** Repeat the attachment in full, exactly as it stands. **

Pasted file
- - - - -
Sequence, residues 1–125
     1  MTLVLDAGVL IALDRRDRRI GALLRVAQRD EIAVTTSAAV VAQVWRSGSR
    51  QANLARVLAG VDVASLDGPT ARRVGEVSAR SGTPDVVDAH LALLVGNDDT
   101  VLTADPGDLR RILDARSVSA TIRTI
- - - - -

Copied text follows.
Sequence, residues 1–125
     1  MTLVLDAGVL IALDRRDRRI GALLRVAQRD EIAVTTSAAV VAQVWRSGSR
    51  QANLARVLAG VDVASLDGPT ARRVGEVSAR SGTPDVVDAH LALLVGNDDT
   101  VLTADPGDLR RILDARSVSA TIRTI